Religious Faith in a Modern Vibrant City

Article excerpt


Two important events are taking place in the Council House these days, both hosted by the Lord Mayor of Birmingham. They tell an interesting story.

Firstly, yesterday he launched a new publication: Exploring the Faithful City. This book tells the story of the work of the faith leaders of Birmingham. It's a fascinating tale, starting back in September 2001 when the late Rabbi Tann went across the city to Dr Mohammed Naseem at the Central Birmingham Mosque to express solidarity in the backlash of attacks on the World Trade Centre. From that gesture of support has been born a network of firm relationships between the faith leaders.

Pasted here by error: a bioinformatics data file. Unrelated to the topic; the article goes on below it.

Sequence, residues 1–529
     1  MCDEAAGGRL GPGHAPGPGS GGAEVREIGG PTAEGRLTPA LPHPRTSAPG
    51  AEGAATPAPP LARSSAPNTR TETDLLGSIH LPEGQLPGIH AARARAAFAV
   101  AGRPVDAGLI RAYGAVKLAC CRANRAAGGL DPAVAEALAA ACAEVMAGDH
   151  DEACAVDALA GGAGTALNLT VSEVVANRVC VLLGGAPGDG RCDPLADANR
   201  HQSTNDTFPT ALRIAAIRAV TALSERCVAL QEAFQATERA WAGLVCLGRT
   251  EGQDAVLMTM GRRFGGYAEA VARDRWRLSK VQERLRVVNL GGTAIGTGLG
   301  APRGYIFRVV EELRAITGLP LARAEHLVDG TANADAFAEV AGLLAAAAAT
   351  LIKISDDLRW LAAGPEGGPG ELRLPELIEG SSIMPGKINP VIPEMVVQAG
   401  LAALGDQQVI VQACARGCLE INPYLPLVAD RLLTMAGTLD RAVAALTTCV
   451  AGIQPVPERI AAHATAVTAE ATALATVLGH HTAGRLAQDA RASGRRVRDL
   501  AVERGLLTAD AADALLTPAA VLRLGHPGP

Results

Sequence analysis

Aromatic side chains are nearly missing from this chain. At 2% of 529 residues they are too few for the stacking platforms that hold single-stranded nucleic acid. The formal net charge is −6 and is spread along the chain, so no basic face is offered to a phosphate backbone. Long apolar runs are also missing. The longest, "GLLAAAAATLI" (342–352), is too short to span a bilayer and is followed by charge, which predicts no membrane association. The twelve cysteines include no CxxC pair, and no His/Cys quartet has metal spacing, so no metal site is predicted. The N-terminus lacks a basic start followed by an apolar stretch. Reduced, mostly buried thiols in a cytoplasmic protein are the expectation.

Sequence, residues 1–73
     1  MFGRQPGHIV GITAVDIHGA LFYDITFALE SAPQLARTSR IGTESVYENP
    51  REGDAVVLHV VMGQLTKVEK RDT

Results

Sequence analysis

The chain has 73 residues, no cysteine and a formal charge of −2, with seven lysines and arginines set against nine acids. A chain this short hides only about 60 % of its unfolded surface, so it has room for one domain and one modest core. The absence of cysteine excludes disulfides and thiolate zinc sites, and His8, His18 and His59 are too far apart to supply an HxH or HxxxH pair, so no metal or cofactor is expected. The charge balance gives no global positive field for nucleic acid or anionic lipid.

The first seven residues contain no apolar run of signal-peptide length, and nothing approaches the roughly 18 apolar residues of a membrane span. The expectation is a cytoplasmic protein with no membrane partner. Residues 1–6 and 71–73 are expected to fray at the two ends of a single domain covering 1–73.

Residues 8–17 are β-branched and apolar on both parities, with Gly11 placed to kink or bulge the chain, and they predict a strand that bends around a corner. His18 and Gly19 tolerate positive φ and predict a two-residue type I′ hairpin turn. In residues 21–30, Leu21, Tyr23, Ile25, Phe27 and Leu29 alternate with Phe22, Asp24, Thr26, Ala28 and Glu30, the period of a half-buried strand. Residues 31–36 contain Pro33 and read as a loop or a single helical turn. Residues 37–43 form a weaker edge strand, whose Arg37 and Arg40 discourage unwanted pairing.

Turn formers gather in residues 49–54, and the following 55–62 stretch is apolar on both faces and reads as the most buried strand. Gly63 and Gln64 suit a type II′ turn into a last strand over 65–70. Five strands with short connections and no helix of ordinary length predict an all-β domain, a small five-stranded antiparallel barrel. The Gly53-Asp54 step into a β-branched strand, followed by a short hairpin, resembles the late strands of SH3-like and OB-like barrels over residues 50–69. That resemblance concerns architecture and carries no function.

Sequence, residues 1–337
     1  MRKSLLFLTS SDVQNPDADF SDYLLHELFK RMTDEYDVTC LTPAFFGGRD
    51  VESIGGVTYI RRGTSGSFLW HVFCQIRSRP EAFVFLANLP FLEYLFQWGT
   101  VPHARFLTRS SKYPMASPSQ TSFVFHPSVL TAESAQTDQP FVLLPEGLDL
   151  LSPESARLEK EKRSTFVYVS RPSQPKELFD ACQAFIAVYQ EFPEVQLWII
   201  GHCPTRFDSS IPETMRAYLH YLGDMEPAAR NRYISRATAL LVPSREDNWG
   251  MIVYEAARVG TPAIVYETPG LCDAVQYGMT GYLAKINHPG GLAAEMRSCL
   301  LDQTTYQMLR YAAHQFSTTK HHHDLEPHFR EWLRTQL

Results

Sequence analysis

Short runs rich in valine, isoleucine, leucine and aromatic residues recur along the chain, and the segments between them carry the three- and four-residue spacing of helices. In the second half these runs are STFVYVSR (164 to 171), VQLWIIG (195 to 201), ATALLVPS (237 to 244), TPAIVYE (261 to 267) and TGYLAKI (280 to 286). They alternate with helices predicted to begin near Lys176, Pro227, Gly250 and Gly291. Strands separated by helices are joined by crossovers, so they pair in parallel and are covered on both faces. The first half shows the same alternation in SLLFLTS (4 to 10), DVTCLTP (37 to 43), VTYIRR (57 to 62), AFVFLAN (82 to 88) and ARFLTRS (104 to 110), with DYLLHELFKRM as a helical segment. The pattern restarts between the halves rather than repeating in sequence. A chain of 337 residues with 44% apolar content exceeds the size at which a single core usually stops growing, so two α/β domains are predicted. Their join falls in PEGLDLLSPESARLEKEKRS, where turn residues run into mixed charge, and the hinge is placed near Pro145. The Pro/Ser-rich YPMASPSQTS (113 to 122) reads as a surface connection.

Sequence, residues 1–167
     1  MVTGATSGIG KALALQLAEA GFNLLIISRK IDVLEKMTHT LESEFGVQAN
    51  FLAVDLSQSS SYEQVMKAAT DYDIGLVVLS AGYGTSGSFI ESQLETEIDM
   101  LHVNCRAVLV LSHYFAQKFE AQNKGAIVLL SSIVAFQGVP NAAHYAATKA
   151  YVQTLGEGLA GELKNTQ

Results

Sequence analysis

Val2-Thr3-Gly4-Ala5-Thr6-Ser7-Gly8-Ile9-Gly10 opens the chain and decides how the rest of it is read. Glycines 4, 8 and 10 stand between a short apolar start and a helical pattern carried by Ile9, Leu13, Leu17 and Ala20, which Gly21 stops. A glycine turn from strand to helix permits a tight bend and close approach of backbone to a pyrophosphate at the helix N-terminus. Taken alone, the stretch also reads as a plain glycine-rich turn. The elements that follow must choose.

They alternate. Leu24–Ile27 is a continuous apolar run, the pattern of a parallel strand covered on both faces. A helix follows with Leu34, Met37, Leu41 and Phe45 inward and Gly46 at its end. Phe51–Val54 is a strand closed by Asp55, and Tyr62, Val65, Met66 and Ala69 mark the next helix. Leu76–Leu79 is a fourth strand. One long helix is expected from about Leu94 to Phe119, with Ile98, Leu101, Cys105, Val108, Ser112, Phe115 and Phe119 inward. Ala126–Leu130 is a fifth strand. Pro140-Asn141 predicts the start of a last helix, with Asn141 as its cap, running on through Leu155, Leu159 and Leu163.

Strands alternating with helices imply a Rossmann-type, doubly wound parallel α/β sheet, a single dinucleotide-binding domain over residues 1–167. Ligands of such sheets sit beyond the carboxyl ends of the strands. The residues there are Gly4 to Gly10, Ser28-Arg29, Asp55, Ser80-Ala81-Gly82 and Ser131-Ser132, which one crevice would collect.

One fruit of this is a project to explore the contribution the faiths can make to the wellbeing of Birmingham. With the full support of Birmingham University, it brings together academic study into the tradition and teaching of each major faith, as well as direct engagement with citizens, leaders of commerce and other aspects of city life.

Perhaps it is not surprising that one of the overall benefits brought by religious faith is a willingness to serve others in way that goes well beyond self-interest. This is an important contribution to the life of every city.

The second event being hosted by the Lord Mayor takes place in the Council House on Monday. It is the launch of the newly established Birmingham Agreed RE Syllabus. The fruit of hard work by members of the council, the teaching profession and religious communities, it will give shape to religious education in the city's state schools. …